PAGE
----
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Italian futurism and the machine

By Katia Pizzi

Italian futurism and the machine
Hardcover

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Book Information

  • Format: Hardcover
  • ISBN: 978-0-7190-9709-6
  • Pages: 320
  • Publisher: Manchester University Press
  • Price: £80.00
  • Published Date: May 2019
  • BIC Category: Modernism, Italy: post First World War period & Fascism (1918–1943), Art History, Social & cultural history, The arts / History of art & design styles: from c 1900 -, Humanities / Social & cultural history, Italy, Engineering skills & trades, ART / History / Modern (late 19th Century to 1945), HISTORY / Social History

Description

This is the first interdisciplinary exploration of machine culture in Italian futurism after the First World War. The machine was a primary concern for the futuristi. As well as being a material tool in the factory it was a social and political agent, an aesthetic emblem, a metonymy of modernity and international circulation and a living symbol of past crafts and technologies. Exploring literature, the visual and performing arts, photography, music and film, the book uses the lens of European machine culture to elucidate the work of a broad set of artists and practitioners, including Censi, Depero, Marinetti, Munari and Prampolini. The machine emerges here as an archaeology of technology in modernity: the time machine of futurism.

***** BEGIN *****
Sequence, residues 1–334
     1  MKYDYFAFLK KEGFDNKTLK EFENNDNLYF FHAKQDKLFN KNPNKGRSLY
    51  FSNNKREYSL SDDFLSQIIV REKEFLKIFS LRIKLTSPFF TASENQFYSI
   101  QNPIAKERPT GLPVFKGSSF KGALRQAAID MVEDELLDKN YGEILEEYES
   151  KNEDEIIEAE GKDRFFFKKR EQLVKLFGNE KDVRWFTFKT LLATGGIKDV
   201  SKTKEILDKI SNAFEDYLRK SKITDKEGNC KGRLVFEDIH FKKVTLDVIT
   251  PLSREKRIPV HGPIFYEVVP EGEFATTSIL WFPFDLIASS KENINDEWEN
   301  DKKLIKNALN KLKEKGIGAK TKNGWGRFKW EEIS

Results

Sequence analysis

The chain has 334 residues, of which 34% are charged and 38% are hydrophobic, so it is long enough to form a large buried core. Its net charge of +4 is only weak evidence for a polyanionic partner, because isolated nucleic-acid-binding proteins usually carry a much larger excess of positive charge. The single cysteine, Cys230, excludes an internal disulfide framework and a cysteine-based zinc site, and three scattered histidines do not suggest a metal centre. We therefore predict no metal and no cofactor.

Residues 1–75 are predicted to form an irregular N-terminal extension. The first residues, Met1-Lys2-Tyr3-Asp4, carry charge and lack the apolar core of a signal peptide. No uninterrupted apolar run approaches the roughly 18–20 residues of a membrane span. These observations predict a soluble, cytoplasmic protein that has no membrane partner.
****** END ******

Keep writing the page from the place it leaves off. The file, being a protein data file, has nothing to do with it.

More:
Reviews

'This book will be especially valuable to scholars of modernist visual and performing arts, though anyone invested in discourses about modernist machine culture and technology will find much to admire in Pizzi's book.'
The Modernist Review

'The book contains plenty of fascinating information, and for this reason it will undoubtedly be useful to anybody interested in Futurism and its artistic and ideological attitude to the machine.'
International Yearbook of Futurism

Contents

Introduction: the rape of Europa
1 Futurismo and the machine
2 Mechanic machi(ni)smo: Filippo Tommaso Marinetti
3 Style of steel: Fortunato Depero in 'dynamoland'
4 At the frontier of futurismo
5 Between technodialogism and cosmic idealism
6 From aerodancing technobodies to dysfunctional machines
Conclusion: ex machina
Index

Author

Katia Pizzi is Senior Lecturer in Italian Studies at the Institute of Modern Languages Research, School of Advanced Study, University of London.

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